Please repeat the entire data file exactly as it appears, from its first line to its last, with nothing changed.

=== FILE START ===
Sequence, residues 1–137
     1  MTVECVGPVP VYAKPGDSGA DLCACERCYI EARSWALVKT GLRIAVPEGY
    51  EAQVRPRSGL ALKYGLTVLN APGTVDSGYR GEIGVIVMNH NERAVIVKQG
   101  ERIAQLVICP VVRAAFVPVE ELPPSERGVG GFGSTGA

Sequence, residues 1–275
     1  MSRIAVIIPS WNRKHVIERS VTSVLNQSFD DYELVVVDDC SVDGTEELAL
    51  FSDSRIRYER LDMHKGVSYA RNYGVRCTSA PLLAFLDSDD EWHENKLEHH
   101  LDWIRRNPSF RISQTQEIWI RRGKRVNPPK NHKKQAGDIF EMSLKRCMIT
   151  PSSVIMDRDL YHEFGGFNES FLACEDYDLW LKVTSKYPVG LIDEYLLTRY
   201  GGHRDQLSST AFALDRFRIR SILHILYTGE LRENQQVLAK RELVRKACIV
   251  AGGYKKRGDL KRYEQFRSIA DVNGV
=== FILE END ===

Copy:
Sequence, residues 1–137
     1  MTVECVGPVP VYAKPGDSGA DLCACERCYI EARSWALVKT GLRIAVPEGY
    51  EAQVRPRSGL ALKYGLTVLN APGTVDSGYR GEIGVIVMNH NERAVIVKQG
   101  ERIAQLVICP VVRAAFVPVE ELPPSERGVG GFGSTGA

Sequence, residues 1–275
     1  MSRIAVIIPS WNRKHVIERS VTSVLNQSFD DYELVVVDDC SVDGTEELAL
    51  FSDSRIRYER LDMHKGVSYA RNYGVRCTSA PLLAFLDSDD EWHENKLEHH
   101  LDWIRRNPSF RISQTQEIWI RRGKRVNPPK NHKKQAGDIF EMSLKRCMIT
   151  PSSVIMDRDL YHEFGGFNES FLACEDYDLW LKVTSKYPVG LIDEYLLTRY
   201  GGHRDQLSST AFALDRFRIR SILHILYTGE LRENQQVLAK RELVRKACIV
   251  AGGYKKRGDL KRYEQFRSIA DVNGV